Compared to that cayenne pepper on your spice rack, serrano chili peppers are a notch down in spiciness. Cayenne peppers range from 30,000 to 50,000 SHU, so serranos can be anywhere from two to five times milder. And, of course, they are no match for the upper-end of the Scoville scale. Versus habanero peppers (100,000 to 350,000), for instance, the serrano is anywhere from roughly 5 to 35 times milder.
For more comparison, take a look at our showdowns where we compare this chili to other popular peppers:
Where does the name come from?
Serrano peppers hail originally from the same region as poblano peppers, the Puebla region of Mexico. The name actually translates to “from the mountains” giving you a really good hint on where serranos love to grow (though they are not at all frost-resistant). Today, it’s widely grown in Mexico and the United States. The main growers of serrano peppers in Mexico actually cultivate about 180,000 tons of these chilies every single year. That’s a lot of pepper.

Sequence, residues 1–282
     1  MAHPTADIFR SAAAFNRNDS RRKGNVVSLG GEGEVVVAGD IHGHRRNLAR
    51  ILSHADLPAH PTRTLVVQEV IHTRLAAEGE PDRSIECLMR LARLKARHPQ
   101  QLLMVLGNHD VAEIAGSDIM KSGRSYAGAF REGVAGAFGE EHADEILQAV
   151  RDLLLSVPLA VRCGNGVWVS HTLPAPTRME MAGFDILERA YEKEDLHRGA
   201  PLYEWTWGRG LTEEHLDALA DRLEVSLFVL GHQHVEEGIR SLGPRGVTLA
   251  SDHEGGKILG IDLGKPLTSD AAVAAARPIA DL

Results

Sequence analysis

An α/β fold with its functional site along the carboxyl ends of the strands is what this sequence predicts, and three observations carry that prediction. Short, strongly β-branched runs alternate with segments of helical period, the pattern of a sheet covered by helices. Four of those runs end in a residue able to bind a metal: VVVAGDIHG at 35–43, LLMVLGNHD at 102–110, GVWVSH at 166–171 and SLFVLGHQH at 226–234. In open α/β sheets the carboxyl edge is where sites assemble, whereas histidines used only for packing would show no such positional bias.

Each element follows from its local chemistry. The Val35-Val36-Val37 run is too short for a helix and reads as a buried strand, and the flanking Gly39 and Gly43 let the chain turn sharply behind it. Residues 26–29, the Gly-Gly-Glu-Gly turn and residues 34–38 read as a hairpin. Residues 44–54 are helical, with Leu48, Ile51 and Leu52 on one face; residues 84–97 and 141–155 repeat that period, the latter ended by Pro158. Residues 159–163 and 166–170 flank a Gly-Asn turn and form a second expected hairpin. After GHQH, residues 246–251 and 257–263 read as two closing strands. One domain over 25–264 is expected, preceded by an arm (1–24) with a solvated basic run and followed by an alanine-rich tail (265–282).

What do they look like?
In terms of coloration, the serrano is much like the jalapeño. They age on the vine from green to red (and provide variations on their flavor dependent on the color during which they are picked.)
The serrano, though, has a much more elongated shape. They run from two to four inches in length, with a curved appearance. The walls of the serrano are also thinner than those of a jalapeño and there’s much less cavity space, which does limit some uses.
What do serrano peppers taste like?